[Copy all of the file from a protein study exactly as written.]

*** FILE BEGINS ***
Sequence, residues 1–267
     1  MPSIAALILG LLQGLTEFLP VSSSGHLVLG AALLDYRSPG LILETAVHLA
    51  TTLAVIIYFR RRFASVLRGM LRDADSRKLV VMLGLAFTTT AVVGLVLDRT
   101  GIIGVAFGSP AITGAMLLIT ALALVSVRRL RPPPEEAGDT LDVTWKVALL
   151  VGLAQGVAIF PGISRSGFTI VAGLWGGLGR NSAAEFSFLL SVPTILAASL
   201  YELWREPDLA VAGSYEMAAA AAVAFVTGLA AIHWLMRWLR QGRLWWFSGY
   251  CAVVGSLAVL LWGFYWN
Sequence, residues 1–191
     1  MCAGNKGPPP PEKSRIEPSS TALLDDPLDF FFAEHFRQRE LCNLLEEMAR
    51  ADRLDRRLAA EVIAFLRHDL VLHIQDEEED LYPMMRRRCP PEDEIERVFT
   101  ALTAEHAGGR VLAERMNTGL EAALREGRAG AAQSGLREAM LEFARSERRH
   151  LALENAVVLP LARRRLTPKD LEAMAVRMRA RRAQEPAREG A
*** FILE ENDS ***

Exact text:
Sequence, residues 1–267
     1  MPSIAALILG LLQGLTEFLP VSSSGHLVLG AALLDYRSPG LILETAVHLA
    51  TTLAVIIYFR RRFASVLRGM LRDADSRKLV VMLGLAFTTT AVVGLVLDRT
   101  GIIGVAFGSP AITGAMLLIT ALALVSVRRL RPPPEEAGDT LDVTWKVALL
   151  VGLAQGVAIF PGISRSGFTI VAGLWGGLGR NSAAEFSFLL SVPTILAASL
   201  YELWREPDLA VAGSYEMAAA AAVAFVTGLA AIHWLMRWLR QGRLWWFSGY
   251  CAVVGSLAVL LWGFYWN
Sequence, residues 1–191
     1  MCAGNKGPPP PEKSRIEPSS TALLDDPLDF FFAEHFRQRE LCNLLEEMAR
    51  ADRLDRRLAA EVIAFLRHDL VLHIQDEEED LYPMMRRRCP PEDEIERVFT
   101  ALTAEHAGGR VLAERMNTGL EAALREGRAG AAQSGLREAM LEFARSERRH
   151  LALENAVVLP LARRRLTPKD LEAMAVRMRA RRAQEPAREG A